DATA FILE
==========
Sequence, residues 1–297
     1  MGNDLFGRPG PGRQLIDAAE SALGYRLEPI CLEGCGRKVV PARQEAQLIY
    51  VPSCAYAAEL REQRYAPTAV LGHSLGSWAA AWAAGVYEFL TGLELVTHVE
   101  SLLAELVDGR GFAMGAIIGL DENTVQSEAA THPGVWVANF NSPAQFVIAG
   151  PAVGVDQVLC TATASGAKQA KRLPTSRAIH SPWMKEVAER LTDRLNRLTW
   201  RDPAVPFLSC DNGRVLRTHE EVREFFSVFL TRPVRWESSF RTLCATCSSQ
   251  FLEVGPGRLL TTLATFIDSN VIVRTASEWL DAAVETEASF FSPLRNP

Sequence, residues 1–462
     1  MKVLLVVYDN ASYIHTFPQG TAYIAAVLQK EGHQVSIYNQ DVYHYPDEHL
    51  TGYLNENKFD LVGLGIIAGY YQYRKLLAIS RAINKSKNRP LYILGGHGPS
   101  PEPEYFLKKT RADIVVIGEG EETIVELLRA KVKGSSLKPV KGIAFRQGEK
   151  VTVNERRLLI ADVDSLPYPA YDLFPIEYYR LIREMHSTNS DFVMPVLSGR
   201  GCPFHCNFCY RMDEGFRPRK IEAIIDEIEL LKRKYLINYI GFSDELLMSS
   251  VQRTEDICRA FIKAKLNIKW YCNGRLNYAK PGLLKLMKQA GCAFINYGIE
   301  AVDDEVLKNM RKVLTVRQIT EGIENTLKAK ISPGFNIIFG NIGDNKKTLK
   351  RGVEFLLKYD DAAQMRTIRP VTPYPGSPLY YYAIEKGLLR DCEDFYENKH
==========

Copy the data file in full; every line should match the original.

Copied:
Sequence, residues 1–297
     1  MGNDLFGRPG PGRQLIDAAE SALGYRLEPI CLEGCGRKVV PARQEAQLIY
    51  VPSCAYAAEL REQRYAPTAV LGHSLGSWAA AWAAGVYEFL TGLELVTHVE
   101  SLLAELVDGR GFAMGAIIGL DENTVQSEAA THPGVWVANF NSPAQFVIAG
   151  PAVGVDQVLC TATASGAKQA KRLPTSRAIH SPWMKEVAER LTDRLNRLTW
   201  RDPAVPFLSC DNGRVLRTHE EVREFFSVFL TRPVRWESSF RTLCATCSSQ
   251  FLEVGPGRLL TTLATFIDSN VIVRTASEWL DAAVETEASF FSPLRNP

Sequence, residues 1–462
     1  MKVLLVVYDN ASYIHTFPQG TAYIAAVLQK EGHQVSIYNQ DVYHYPDEHL
    51  TGYLNENKFD LVGLGIIAGY YQYRKLLAIS RAINKSKNRP LYILGGHGPS
   101  PEPEYFLKKT RADIVVIGEG EETIVELLRA KVKGSSLKPV KGIAFRQGEK
   151  VTVNERRLLI ADVDSLPYPA YDLFPIEYYR LIREMHSTNS DFVMPVLSGR
   201  GCPFHCNFCY RMDEGFRPRK IEAIIDEIEL LKRKYLINYI GFSDELLMSS
   251  VQRTEDICRA FIKAKLNIKW YCNGRLNYAK PGLLKLMKQA GCAFINYGIE
   301  AVDDEVLKNM RKVLTVRQIT EGIENTLKAK ISPGFNIIFG NIGDNKKTLK
   351  RGVEFLLKYD DAAQMRTIRP VTPYPGSPLY YYAIEKGLLR DCEDFYENKH